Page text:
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Olives

May 6, 2008

Well, for a real treat, this home-made bread tastes even better with olive oil. Bread and butter is lovely but if I had to choose one fat, above all others, it would have to olive oil. Olive oil has the advantage, excellent for Australia’s climate, of not needing refrigeration. It’s amazing that it’s taken so long for olives to become popular-ish here.

Last Sunday, I drove down to a local olive grove to help them pick their olives. Leccino and a small quantity of Frantoio – Tuscan varieties of oil olives. It was a great learning experience and just a fantastic thing to do in the autumn sunshine. Silvery green leaves, just beautiful – yes I’m obsessed with olives. Lots to learn but isn’t that always the way.

As a child I really disliked olives and olive oil. The imported oils were often heavy tasting and I suspect, not altogether fresh but that wasn’t it. Olives marked you out as non -Anglo….of course, being called Nada did that too; so although I couldn’t avoid my name, I could avoid olives. To add to the olive issue, on Palm Sunday, my observant Catholic mother would take olive branches (that someone had given her) to church, not palm branches, to be blessed. This is how they did it in the home country and in the home country, the only palm trees were on the Split foreshore and who was going to climb those!!! Now the olive branches were only a real problem, if we were going to our local parish church; at the Croatian church most people had them so it wasn’t an issue but all the kids cringed – “It’s PALM Sunday not OLIVE Sunday”. Over the years, people planted palm trees in their yards and so began to take those leaves in for the occasion instead. Olive branches are symbols of peace, as are palms in Judaism. Palms also symbolise triumph, victory and the tropical paradise thing too.

How this has come full circle – my mother is removing her palm trees to plant olives…..with some prodding from my sister and me. I’m on a planting mission. (I think I’m too angry to be on a peace mission!!! but maybe that’s what this is.) To fulfill my altogether selfish dream, however, I may need to find a nice piece of north facing slope somewhere and plant a small grove. Would that be a sufficient mea culpa for my prejudice?

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8 Comments leave one →
  1. May 7, 2008 8:05 am

    Yes.

  2. May 7, 2008 10:37 am

    Oh yum, I am fairly obsessed with olives. And I hated them when I was young. That must have been really fun going and learning about that. I have had an olive tree for about four years and have managed one tiny black olive…I think I might be missing something?! Oh well, did you learn how to you extract the oil, and how many olives you need for such an enterprise??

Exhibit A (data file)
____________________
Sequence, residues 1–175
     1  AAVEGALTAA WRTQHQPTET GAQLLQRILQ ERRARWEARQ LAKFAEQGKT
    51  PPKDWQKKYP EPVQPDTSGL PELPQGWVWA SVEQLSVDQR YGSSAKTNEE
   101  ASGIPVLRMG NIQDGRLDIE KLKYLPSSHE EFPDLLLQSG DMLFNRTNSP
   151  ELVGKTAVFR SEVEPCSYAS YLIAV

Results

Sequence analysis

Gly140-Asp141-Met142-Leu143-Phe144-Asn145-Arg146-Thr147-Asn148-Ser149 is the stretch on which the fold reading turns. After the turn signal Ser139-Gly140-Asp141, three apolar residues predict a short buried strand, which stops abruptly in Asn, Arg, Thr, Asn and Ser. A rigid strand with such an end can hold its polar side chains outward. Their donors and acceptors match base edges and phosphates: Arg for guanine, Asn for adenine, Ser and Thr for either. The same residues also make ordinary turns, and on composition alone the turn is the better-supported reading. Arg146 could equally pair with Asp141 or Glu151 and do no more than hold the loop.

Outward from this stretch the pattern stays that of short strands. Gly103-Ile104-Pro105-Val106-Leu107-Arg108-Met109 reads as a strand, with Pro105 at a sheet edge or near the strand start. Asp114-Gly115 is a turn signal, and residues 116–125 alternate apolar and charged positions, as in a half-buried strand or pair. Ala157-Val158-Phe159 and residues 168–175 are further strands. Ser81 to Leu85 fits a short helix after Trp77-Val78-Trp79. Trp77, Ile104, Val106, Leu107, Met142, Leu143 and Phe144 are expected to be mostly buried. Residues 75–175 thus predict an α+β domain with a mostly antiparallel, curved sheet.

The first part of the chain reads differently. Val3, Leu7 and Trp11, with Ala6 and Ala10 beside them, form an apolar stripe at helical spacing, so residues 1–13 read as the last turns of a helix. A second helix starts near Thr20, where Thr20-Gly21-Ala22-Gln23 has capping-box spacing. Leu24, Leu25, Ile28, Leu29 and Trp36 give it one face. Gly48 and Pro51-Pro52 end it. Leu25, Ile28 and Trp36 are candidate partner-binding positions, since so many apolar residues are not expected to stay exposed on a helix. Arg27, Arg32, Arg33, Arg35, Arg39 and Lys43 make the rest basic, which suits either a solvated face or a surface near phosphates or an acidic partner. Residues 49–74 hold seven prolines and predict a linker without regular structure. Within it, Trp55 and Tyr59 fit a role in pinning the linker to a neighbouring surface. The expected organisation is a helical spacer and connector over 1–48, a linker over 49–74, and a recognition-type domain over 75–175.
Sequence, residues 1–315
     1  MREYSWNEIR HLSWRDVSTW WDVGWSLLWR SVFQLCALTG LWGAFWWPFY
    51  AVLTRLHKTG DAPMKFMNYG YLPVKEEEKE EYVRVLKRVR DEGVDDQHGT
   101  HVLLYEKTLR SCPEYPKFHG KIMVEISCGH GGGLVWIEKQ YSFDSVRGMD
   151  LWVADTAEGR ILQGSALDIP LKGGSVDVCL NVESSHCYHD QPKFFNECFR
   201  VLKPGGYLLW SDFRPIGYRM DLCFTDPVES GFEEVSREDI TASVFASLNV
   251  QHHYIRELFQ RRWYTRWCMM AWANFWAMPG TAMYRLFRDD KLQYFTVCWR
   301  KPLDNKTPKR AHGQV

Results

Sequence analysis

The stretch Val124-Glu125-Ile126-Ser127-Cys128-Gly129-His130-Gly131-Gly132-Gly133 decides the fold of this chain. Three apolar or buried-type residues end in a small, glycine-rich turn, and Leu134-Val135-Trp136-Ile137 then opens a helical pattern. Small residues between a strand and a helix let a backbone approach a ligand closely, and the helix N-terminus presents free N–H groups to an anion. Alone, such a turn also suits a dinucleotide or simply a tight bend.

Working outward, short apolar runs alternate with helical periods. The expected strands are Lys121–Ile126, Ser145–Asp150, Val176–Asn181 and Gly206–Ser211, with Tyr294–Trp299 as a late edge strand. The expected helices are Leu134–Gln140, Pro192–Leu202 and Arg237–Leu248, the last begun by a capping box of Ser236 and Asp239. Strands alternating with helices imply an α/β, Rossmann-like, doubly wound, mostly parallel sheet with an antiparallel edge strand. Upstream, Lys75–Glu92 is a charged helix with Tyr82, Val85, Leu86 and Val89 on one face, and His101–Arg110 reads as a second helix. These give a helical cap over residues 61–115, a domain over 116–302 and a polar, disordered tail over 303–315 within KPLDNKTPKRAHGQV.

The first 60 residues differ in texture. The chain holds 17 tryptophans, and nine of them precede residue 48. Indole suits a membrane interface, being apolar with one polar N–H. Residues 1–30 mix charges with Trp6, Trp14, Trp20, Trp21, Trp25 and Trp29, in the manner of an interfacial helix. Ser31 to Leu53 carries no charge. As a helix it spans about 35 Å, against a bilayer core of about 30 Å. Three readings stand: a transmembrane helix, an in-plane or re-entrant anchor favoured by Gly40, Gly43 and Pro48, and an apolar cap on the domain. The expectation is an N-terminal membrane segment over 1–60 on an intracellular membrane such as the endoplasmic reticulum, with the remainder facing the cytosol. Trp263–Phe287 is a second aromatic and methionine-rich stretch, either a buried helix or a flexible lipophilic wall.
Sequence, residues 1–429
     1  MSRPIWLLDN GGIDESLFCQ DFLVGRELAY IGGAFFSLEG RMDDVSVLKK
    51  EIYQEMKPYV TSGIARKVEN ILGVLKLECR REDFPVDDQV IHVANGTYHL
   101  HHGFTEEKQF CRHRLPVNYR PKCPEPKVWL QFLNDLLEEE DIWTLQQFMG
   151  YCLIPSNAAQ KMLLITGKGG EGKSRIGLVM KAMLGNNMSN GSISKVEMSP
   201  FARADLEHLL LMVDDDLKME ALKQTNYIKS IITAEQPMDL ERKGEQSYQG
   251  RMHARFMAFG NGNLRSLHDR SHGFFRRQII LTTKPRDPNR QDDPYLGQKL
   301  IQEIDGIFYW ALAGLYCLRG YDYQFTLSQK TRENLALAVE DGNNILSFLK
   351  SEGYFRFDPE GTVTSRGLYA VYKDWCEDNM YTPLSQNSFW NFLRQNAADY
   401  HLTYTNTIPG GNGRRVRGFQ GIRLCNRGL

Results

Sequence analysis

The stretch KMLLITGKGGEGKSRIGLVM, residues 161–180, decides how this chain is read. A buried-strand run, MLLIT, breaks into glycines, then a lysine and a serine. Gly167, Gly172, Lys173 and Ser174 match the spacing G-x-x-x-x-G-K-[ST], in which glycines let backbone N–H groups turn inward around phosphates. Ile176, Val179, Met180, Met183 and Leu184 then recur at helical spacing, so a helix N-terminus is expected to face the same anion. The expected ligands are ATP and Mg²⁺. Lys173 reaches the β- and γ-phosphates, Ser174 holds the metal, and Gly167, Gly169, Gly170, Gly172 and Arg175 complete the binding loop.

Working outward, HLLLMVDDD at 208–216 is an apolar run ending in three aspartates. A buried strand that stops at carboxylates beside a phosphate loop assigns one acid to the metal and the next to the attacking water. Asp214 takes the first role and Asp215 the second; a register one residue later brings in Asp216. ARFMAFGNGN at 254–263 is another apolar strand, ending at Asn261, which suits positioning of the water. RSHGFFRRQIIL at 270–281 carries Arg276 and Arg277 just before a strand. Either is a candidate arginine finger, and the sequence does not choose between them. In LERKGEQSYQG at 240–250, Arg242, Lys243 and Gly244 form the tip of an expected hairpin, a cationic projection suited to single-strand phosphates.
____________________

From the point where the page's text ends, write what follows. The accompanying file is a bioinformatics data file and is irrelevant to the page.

3. May 7, 2008 9:49 pm

    Anaglyph: Thanks for the dispensation.

    Helen: They had several varieties and “Pendolino” planted specifically as a pollinator. Maybe you need a pollinator for your olive or at least some friends.

    Sadly, they did not press the oil on site but took the fruit down to Camden/Picton where there is a pressing facility. Their grove is small and only 5yrs old so their yields aren’t huge. They got about 1000kgs of fruit which will produce anywhere from 100 – 250 litres of extra virgin oil. Once it is pressed, it is left to settle (any sediment falling to the bottom) and then decanted. It can be filtered (allows for longer storage) or unfiltered which IMHO has more flavour. The thing is that the oil is best when fresh. If stored well is can be still be good after a couple of years, but ideally the fresher the better.

    Olive trees are known for their longevity, so trees produce for a long time.

  4. May 8, 2008 8:26 pm

    It was fun buying fresh olives a while ago and trying a couple of techniques for making them edible – a fresh water soaking method, and a pure salt method, pre-marination. We got to eat a few, but too soon, and damn it, we had to leave the country before we’d even approached refining the process =^(

  5. May 15, 2008 11:52 pm

    JR – Yes to refine the process. I haven’t pickled any for about 2yrs……it is on my list of never ending things to do/learn. Not that I’m complaining.

  6. June 30, 2008 6:10 am

    Lots of children don’t like olives because of their strong flavour, but my brothers and I ate (pickled) olives insatiably. I wonder if this was because my mother never added salt to anything and we weren’t allowed to eat junk food. Maybe we were just eating them for the salt. I’m not saying we needed the salt – we ate packaged bread – but olives were our salty junk food!?

  7. July 4, 2008 12:21 am

    Even now, there are olives which are poorly brined or even caustic tasting that I can’t eat, so I think that could have had something to do with it.

    But you are right, the taste is strong and takes some getting used to. You obviously had finer tastes, no doubt due to the lack of junk food, to appreciate the olive!

    My uncle used to say ” you don’t know what’s good for you, young lady” when it came to olives and he was right!

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